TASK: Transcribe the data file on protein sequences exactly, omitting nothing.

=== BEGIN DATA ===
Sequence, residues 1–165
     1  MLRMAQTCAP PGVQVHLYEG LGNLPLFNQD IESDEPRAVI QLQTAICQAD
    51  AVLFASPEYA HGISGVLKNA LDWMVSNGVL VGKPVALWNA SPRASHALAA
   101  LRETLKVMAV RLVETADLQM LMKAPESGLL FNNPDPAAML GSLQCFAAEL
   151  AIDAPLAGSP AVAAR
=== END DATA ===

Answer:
Sequence, residues 1–165
     1  MLRMAQTCAP PGVQVHLYEG LGNLPLFNQD IESDEPRAVI QLQTAICQAD
    51  AVLFASPEYA HGISGVLKNA LDWMVSNGVL VGKPVALWNA SPRASHALAA
   101  LRETLKVMAV RLVETADLQM LMKAPESGLL FNNPDPAAML GSLQCFAAEL
   151  AIDAPLAGSP AVAAR